From Black Power to Black Lives Matter: Using Rita Williams-Garcia’s One Crazy Summer to Navigate Intergenerational Tensions of the Civil Rights Movement(s)

Shenai Alonge-Moore

Abstract


It is easy to look back at previous decades, and all their significant social movements, and to view them as we wish them to be remembered. The beauty of this is the ability to paint a better, more pleasing version of events to suit our sensibilities. The danger, however, is the erasure of realities, failure to learn from mistakes, and, often, the villainization of those undeserving of such stigma. A well-known victim of this selective remembering and retelling is the Civil Rights Movement. With all its branches and facets, and because of its crucial role in American history, the Civil Rights Movement has been the focus of much study, scholarship, and debate.

In particular, the Civil Rights Movement fronted by Dr. King is portrayed as being older, or at least more mature and respectable—traits generally assumed to come with age—than its Movement counterparts. It is not uncommon to see many in the Black Power Movement and Black Panther Party described as young and volatile, thereby creating the idea of an innate intergenerational divide in the overall narrative.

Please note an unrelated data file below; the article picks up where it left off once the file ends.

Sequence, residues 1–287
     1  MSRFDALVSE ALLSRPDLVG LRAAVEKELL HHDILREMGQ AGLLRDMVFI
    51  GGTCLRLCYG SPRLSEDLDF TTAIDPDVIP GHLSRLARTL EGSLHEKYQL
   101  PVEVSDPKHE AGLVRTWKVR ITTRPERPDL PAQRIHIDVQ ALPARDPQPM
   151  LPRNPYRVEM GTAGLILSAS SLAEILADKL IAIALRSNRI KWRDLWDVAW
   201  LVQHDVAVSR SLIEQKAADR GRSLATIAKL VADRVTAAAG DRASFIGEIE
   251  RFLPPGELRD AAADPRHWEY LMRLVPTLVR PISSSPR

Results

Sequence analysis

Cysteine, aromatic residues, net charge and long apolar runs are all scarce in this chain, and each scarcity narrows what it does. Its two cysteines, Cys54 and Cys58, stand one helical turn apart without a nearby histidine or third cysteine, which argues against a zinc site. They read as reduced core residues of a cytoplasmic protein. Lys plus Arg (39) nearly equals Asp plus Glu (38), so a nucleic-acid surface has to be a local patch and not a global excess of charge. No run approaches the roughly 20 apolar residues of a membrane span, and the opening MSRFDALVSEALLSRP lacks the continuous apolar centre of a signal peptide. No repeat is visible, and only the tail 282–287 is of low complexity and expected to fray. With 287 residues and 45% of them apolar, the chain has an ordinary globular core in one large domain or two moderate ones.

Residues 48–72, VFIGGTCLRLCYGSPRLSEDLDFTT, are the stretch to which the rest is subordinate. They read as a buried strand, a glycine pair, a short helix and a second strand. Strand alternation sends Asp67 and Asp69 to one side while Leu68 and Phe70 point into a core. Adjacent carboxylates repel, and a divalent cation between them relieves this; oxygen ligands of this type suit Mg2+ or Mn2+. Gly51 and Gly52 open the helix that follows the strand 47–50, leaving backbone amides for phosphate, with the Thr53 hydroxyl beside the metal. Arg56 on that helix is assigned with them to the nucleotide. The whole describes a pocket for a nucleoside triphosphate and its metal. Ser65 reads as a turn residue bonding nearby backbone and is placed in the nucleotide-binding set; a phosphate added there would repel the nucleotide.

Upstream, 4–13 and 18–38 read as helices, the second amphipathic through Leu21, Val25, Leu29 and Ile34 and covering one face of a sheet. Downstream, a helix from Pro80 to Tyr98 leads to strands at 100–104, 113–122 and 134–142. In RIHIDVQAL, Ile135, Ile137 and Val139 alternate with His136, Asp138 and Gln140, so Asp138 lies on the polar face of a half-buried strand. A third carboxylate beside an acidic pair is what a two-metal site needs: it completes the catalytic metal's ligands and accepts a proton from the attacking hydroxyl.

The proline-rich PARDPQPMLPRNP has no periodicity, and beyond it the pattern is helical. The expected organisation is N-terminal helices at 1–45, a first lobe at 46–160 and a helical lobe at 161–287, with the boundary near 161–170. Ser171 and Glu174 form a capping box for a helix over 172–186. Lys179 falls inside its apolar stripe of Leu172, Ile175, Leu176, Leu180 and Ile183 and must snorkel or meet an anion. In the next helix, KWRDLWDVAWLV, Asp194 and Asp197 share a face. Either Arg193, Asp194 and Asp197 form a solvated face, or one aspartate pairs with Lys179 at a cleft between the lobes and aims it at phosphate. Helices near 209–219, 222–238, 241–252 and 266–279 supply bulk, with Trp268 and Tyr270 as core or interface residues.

While there might be some merit to this type of division, it neither fully nor accurately depicts the members or natures of various branches of the Movement. Furthermore, it unfairly characterizes and demonizes an entire, crucial aspect of the Civil Rights era: the Black Power Movement and the resulting Black Panther Party. An increasing number of scholars realize the need to change this, to “rehabilitate” and “even celebrate” the Panther’s reputation, and to rewrite the narrative to reflect these movements and their “steadfast commitment to the Black community” more accurately. Though it will take time, there are some sources that seek to change this by teaching the fuller, more accurate narrative to younger generations. Books such as Rita Williams-Garcia’s children’s novel One Crazy Summer are a place to start.

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The Looking Glass: new perspectives on children's literature

ISBN 1551-5680